County Conservation District where she worked with acid mine drainage. Her most recent internship was with the
Pennsylvania Fish and Boat Commission this past summer.
During Kepler’s time with the Commission, she assisted in assessing the recovery of a local stream impacted by a sodium hydroxide spill. Initially, the Commission predicted that the stream would be back to normal in six years; however, according to Kepler, they soon discovered recovery was taking place a lot slower than anticipated.
“There was a lot more going on than expected that is affecting the recovery,” said Kepler.
On an average day, Kepler would work from 8 am to 4 pm; however, there were many occasions that required her to start earlier and leave later. Kepler even stayed overnight at her worksite during sampling events.
Kepler’s responsibilities included sorting and identifying macro-invertebrates (aquatic insects), along with insect and fish sampling. During her internship, she learned a lot from both her boss and her father, who also works for the Commission.
“My boss would show me how something was done, and then just let me try it,” said Kepler.
She also had the opportunity to complete a biological assessment that she co-authored with her father. During this assessment, she learned a lot about report writing, analysis, manipulating data, and editing techniques from peer editing.
Kepler describes her internship as a stepping-stone. However, her internship was much more than that.
“You realize the possible impacts a person can have on the environment and how you can make a difference in the field if you get involved,” said Kepler.
One of Kepler’s most memorable moments during her internship was when the Commission would electrofish to count fish and identify them. Electrofishing electrically charges the water and temporarily stuns the fish. The voltage that is put into the water is adjusted to an appropriate level so not to put the fish at risk. After the fish are identified and recorded, they are returned to the stream. She enjoyed being out in the field and seeing first-hand what all goes on. Kepler witnessed this many times and said each time was just as amazing as the first.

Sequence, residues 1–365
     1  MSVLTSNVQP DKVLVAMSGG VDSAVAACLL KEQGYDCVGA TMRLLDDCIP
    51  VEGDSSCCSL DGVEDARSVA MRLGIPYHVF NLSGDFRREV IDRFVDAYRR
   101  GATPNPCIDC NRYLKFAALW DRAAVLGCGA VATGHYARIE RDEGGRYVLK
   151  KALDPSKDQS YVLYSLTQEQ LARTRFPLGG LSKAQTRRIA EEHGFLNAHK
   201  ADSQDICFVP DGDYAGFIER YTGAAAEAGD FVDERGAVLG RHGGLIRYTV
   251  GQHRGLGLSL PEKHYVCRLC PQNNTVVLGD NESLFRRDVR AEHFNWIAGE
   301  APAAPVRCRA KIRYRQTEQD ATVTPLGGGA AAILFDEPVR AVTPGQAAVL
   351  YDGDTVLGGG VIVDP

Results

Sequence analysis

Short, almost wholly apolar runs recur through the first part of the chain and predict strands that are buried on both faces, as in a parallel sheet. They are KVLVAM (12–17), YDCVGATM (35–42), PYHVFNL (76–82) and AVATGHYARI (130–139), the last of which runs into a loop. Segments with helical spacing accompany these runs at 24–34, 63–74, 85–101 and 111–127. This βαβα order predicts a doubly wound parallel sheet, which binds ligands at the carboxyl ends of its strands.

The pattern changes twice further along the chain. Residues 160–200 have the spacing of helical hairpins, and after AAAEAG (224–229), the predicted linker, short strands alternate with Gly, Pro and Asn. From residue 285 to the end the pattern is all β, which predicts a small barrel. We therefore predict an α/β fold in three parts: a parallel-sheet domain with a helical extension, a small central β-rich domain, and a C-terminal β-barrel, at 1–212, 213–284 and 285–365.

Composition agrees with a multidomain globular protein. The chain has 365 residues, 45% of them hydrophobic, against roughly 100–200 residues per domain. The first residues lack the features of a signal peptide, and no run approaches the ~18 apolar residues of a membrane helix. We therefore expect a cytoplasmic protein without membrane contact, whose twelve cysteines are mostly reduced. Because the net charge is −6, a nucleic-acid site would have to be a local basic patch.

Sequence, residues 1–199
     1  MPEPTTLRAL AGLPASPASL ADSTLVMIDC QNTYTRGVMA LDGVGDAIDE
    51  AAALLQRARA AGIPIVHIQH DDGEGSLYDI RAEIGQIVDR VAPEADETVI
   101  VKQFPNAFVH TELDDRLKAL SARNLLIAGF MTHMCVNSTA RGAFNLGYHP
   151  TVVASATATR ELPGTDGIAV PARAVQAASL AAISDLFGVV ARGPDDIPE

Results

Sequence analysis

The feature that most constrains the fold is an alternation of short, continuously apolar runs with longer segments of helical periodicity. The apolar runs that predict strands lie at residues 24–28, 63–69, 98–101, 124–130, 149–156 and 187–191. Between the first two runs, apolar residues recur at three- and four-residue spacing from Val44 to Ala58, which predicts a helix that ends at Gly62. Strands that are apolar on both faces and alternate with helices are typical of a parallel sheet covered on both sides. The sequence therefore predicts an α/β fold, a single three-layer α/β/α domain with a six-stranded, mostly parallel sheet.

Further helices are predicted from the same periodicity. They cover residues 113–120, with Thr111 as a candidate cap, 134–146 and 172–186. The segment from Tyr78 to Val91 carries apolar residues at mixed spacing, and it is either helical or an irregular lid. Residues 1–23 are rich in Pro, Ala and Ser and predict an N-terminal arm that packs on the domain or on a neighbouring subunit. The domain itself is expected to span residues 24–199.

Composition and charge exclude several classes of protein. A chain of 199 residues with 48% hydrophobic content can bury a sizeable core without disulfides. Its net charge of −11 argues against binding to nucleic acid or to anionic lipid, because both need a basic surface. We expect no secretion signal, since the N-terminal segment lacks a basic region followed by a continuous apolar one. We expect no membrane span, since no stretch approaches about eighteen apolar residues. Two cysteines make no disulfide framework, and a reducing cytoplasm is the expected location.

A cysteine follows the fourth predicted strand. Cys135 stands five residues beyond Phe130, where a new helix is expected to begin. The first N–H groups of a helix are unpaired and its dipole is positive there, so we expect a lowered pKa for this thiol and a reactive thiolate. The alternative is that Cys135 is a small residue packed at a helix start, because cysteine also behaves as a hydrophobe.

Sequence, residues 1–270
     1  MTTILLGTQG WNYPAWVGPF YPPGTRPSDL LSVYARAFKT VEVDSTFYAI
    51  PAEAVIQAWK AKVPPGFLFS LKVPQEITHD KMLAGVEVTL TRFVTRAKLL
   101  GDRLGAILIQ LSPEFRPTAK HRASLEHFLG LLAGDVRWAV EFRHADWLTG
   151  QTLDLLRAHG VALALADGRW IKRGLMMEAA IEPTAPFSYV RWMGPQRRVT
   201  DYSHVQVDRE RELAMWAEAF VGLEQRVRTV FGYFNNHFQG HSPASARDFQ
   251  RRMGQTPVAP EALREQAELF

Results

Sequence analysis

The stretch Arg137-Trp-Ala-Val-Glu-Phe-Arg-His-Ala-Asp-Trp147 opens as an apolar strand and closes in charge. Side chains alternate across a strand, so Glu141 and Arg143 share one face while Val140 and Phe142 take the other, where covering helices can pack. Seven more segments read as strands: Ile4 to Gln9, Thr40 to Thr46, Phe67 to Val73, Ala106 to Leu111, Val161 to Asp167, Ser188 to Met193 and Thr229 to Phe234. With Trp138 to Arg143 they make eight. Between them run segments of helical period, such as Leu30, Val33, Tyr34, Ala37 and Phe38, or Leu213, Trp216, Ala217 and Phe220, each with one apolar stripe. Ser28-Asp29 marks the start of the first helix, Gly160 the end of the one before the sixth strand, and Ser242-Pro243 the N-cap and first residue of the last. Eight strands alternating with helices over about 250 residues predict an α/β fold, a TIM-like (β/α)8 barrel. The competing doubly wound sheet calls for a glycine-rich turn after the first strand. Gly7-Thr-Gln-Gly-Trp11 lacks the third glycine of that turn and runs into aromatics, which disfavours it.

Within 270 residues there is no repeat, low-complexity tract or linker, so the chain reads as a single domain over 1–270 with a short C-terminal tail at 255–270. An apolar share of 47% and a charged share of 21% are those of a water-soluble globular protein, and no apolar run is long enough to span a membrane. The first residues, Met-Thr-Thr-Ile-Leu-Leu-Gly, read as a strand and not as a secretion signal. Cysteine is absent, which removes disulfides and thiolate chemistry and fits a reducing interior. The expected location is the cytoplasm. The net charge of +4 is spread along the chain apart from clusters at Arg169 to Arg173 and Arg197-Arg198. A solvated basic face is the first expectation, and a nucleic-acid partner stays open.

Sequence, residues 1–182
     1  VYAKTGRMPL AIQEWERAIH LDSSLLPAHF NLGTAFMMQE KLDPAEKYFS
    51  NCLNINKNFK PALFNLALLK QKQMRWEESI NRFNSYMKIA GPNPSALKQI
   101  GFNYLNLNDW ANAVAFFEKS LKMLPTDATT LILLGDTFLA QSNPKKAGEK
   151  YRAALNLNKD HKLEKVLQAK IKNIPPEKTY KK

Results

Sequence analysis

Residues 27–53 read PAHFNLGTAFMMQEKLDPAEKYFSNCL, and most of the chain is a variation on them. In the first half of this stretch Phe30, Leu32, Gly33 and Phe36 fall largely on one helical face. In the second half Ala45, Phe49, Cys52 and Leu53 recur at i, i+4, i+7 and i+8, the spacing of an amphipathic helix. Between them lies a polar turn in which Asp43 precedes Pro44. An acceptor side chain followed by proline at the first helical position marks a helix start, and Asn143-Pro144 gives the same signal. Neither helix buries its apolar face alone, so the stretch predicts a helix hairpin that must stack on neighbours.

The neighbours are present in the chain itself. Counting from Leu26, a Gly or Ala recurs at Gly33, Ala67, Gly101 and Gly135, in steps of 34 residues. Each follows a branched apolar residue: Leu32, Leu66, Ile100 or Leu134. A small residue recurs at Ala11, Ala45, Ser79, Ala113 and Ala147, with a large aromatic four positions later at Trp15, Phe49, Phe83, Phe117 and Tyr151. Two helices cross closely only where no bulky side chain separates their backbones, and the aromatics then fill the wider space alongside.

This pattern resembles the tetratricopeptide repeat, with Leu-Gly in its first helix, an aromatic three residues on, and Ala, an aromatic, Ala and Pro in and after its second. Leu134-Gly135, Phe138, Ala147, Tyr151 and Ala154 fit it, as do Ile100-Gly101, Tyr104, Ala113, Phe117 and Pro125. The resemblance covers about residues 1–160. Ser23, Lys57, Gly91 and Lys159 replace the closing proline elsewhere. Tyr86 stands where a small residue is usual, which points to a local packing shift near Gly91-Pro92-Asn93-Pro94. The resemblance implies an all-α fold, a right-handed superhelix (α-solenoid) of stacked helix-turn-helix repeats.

“You don’t realize what’s in there, and then you electrofish and a ton of fish float up to the surface.”
Lock Haven University helped prepare Kepler for her internship in many ways but two classes stood out. Entomology, the study of insects, and an aquatic biology class assisted her greatly throughout her internship.
Kepler understands the importance of the organization that she interned with and hopes to educate others.
“The biggest thing is to pay attention to what you do to the environment; this was a large scale spill but everyday everyone can do their part. If you see something that doesn’t look right, then call the right agency to report it.”
Aside from the environmental aspect, Kepler was impressed by how her host site treated her as a woman working in the field of biology. They did not treat her differently, and a lot more women are moving into the field while proving themselves worthy.
Kepler has just been accepted to start her masters at Penn State University where she currently works as a research technician. This will help her get more involved in research within her field while working under a Penn State fisheries professor.
Megan Kepler found her internship through the connections that she made in her field via networking.
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Penn State Crop & Soil Sciences Department